Jack McGrory and Elliot Hirshman are on a mission to let you know when you’ve arrived at San Diego State.
  • Jack McGrory and Elliot Hirshman are on a mission to let you know when you’ve arrived at San Diego State.
  • Letter to Editor
  • Pin it

It’s going to take some hefty cash for San Diego State University to finally find its way, judging by a new campus navigation project described at a recent board meeting of the school’s nonprofit Campanile Foundation, chaired by ex–San Diego city manager Jack McGrory. Called “Destination SDSU,” the initiative calls for the construction of elaborate new gates on main entries to the campus, as well as the remodeling of the big electronic billboard alongside Interstate 8.

To kick off the project, university president Elliot Hirshman is looking to scrape together $1.6 million to build the first big gate at SDSU’s Campanile Drive and Montezuma Road entrance. As the minutes put it, “There’s a significant challenge in terms of knowing when people are on campus as there is no destination point. Part of the project is to create gates or entrances in multiple areas so people can know 1.) that they are at San Diego State and 2.) that this is what we stand for; we have a certain tradition, history, and values and approaches.”

There was at least one skeptic. Boardmember Mike Pack “questioned the amount quoted for that particular project. He thinks it can be done for a lot less and in less time,” the minutes say. SDSU vice president for vice president for university relations & development chief executive officer Mary Ruth Carleton told the board “there will be naming opportunities for a gate/entrance; i.e., Smith Gate or Smith Entrance.”

  • Letter to Editor
  • Pin it

Comments

AlexClarke April 8, 2015 @ 11:51 a.m.

How about just spending on education and not all the pet projects of the clowns running the institution.

1

swell April 8, 2015 @ 12:27 p.m.

"so people can know ... this is what we stand for"

How does a gate inform people of this? And, BTW, what does SDSU stand for? I got my degree there and I don't know.

1

AlexClarke April 8, 2015 @ 2:26 p.m.

swell: Back in the day it was San Diego State College and then when it became a state university they changed the name to University of California at San Diego or something like that. The pushback resulted in changing it to San Diego State University SDSU. People thought that the first name change took all the character away from San Diego State so . . . . History as I remember it.

1

Visduh April 8, 2015 @ 9:12 p.m.

Close, Alex. When the legislation changing the names of most of the state colleges to universities finally passed in 1972, a few of them, based on their long histories, were going to keep their old names with "university" replacing "college." I recall those campuses as San Diego, San Jose, Humboldt and a couple others. All the remaining ones would become California State University, Someplace. But the first bill to be passed and signed lacked that proviso. Hence for a couple years, SDSU was officially CSU, San Diego. Malcolm Love, longtime president of SDSC was the proponent of the name changing, and he went back and got the omission corrected. But for those who graduated from SDSU in 1972 or 1973, their diplomas were from California State University, San Diego. It was possible to go back and have them reissued with the current name later on. I have one, from 1972, hanging on the wall, perma-plaqued, that I never had changed. Now it is a historical curiosity.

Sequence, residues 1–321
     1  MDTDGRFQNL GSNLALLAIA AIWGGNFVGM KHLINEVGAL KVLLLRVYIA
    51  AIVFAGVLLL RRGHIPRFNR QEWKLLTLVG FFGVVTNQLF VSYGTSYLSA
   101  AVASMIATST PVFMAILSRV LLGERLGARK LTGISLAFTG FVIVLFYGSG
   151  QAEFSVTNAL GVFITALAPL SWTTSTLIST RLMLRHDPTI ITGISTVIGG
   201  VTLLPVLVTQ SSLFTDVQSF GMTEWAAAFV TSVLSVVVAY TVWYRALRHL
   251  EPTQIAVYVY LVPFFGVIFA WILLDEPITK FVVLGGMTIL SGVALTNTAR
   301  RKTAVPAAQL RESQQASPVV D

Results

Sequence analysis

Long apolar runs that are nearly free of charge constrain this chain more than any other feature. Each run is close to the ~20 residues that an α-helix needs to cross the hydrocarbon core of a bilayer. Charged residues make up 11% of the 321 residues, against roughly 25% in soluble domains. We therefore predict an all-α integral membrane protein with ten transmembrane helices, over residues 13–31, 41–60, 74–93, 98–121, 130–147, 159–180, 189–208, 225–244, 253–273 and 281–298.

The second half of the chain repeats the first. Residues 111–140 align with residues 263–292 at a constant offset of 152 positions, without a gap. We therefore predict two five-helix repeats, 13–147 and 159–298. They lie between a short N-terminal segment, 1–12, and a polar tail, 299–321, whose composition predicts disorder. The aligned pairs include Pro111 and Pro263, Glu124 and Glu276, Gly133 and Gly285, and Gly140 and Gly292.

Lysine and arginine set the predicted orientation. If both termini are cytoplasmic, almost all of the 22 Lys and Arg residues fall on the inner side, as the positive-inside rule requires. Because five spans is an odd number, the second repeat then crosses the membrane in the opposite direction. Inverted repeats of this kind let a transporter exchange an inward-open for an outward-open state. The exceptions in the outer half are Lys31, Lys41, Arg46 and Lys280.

0

AlexClarke April 9, 2015 @ 6:35 a.m.

Visduh: Thanks for the info. I lived 3 blocks from SDSC but I did not attend. (I was not bright enough to go to a college within walking distance)

1

monaghan April 8, 2015 @ 5:39 p.m.

I happen to agree with the idea that architectural forms can designate places. Otherwise why would communities all over San Diego have bothered with place signs, such as in Kensington, Hillcrest, Little Italy? Like gates in old walled cities of Europe, you know when you pass through that there's a There there.

As for graduates who don't know what their alma mater's institution's initials stand for, well, that's been a continuing challenge at party hearty SDSU. It's true San Diego State University (SDSU) used to be called just plain San Diego State, but when it was permitted to grant some graduate degrees, it became SDSU.

The University of California at San Diego (UCSD) is an entirely different school in an entirely different place. It's located in La Jolla and is one of only ten University of California campuses, grants (expensive) undergraduate and graduate degrees in many fields including medicine and, at the moment, lacks a single distinctive entryway.

0

Ponzi April 8, 2015 @ 5:59 p.m.

I could have sworn that UCSD was the University of China at San Diego.

0

Visduh April 8, 2015 @ 9:19 p.m.

Haw, haw, haw! Very funny. Do you know the nickname of UC, Irvine is "University of Chinese Immigrants", aka "Under Construction Indefinitely?" Or that some wag said UCLA stands for "University of California, Latinos and Asians" There are many, many more such nicknames. (I won't even get into USC here.)

1

monaghan April 8, 2015 @ 10:35 p.m.

Gosh, I was going to say, that's pretty racist of you, Ponzi.

0

Ponzi April 9, 2015 @ 5:08 p.m.

Why? Would saying there are a lot of children at DisneyLand make me a childhater?

0

Sign in to comment